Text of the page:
Tag Archives: hopworks

On The Rail: Angelo’s

There is no room at the rail for me, because there is a dog on the only empty seat.

I don’t know if this is a ‘very Portland moment’ or if it’s just something you have to deal sometimes with when you live in a city: a dog will be more valued than a  human. Then again, the dog is willingly jumping through hoops for spectators, now. What am I offering?

There is a solidly inebriated human nearby, slowly working his way out the door. His designated driver leads the way but the departure of a drunk is always slow, full of distractions and goodbyes that would be uncomfortably long under any other circumstances.

I got a Hopworks Abominale, and I sip at it with the mind and fingers of a distracted man. It’s been a difficult couple weeks, getting focused while I’ve been out. I have been coming with a brain that’s a little burnt out from the weekend and perhaps I need to heed that sign and pull back from my lively social life a little bit.

The ale isn’t bad though; there’s a front loaded sweetness that has a pretty big hop bite at the end so it all works out. I don’t get much in the nose but by the time I remember to start smelling it the beer is half empty. A victim of my overall distraction.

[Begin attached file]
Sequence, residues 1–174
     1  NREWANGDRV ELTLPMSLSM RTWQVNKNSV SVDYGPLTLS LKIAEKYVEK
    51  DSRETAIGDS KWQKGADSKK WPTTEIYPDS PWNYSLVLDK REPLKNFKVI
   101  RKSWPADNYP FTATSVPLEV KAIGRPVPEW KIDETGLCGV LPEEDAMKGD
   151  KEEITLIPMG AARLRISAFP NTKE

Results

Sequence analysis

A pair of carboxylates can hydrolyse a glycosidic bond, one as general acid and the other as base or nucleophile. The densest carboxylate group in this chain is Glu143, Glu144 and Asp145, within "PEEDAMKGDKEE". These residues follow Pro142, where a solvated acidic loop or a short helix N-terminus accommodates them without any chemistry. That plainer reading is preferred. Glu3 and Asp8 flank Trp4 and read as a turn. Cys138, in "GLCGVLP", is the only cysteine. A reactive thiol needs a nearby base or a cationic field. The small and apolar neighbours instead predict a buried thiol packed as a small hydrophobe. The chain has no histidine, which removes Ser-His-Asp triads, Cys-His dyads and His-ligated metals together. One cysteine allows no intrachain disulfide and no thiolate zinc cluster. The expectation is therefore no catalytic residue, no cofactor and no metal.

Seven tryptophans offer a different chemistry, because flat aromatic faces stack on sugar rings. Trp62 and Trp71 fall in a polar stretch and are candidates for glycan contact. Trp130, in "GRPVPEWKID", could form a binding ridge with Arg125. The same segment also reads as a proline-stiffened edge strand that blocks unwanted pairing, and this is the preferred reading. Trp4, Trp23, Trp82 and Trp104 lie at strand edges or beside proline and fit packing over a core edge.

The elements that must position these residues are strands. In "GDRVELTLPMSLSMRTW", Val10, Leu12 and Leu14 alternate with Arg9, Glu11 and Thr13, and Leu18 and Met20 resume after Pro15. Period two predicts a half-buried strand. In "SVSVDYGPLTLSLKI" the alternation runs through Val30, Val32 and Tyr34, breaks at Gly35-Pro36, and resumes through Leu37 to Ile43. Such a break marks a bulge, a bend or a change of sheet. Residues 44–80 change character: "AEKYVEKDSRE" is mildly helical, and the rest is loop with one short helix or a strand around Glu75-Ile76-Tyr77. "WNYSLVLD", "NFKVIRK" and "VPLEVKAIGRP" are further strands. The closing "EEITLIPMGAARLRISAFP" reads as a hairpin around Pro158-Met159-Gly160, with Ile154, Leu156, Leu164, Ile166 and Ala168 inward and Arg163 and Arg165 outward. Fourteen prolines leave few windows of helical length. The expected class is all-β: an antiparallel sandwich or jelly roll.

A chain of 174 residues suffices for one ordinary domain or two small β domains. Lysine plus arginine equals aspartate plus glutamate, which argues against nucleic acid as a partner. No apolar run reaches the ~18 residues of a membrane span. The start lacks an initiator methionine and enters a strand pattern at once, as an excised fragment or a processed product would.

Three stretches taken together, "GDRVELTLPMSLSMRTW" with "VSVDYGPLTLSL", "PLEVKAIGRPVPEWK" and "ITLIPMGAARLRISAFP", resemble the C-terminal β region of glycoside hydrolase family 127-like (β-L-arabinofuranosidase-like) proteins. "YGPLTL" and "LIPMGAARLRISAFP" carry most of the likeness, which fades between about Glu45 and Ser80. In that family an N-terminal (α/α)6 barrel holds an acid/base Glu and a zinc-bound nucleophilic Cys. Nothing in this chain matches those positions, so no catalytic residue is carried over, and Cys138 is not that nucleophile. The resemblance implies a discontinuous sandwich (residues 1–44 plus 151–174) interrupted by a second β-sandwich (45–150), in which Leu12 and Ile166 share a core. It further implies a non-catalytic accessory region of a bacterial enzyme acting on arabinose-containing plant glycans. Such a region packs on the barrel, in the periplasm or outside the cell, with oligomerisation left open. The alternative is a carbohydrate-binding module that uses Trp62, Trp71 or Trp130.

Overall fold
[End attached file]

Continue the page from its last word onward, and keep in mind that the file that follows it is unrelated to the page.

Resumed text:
The dog is back on the stool, content. Perhaps I should take a cue from that and head home for some comfortable contentment.

Where I Want To Go: Hopworks (2)

I had an extremely busy August. Too busy, in some ways; it began to intrude on my writing.

I’m not sorry that I had visitors, or went visiting: this year has held a tremendous heartbreak for me and the presence of friends has gone a long way towards making things better. However, here’s where we get into the ‘stuff about being a writer’.

Curmudgeons that writers often are, we are loath to admit that we need people. This is, perhaps, less of a truism for beer writers because beer, especially craft beer, is an inherently social drink. People are part of the bargain. That doesn’t mean we aren’t still grumpy, just that we can easily find other, like-minded grumpy drinkers who are tolerable to us. But yes, we need people because writers are trying to explore the human condition and you just need humans for that.